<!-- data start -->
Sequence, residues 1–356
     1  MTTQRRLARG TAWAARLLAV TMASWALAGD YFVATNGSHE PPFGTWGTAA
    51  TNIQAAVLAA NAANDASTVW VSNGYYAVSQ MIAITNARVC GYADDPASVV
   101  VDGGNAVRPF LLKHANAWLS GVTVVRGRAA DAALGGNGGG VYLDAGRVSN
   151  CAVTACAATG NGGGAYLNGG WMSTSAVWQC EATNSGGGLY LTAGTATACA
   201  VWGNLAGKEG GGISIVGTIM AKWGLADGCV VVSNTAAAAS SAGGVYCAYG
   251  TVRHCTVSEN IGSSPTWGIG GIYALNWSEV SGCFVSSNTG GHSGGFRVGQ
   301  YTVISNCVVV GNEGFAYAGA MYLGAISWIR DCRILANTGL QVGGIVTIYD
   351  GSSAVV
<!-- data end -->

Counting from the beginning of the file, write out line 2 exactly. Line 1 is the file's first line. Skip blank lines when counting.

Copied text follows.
     1  MTTQRRLARG TAWAARLLAV TMASWALAGD YFVATNGSHE PPFGTWGTAA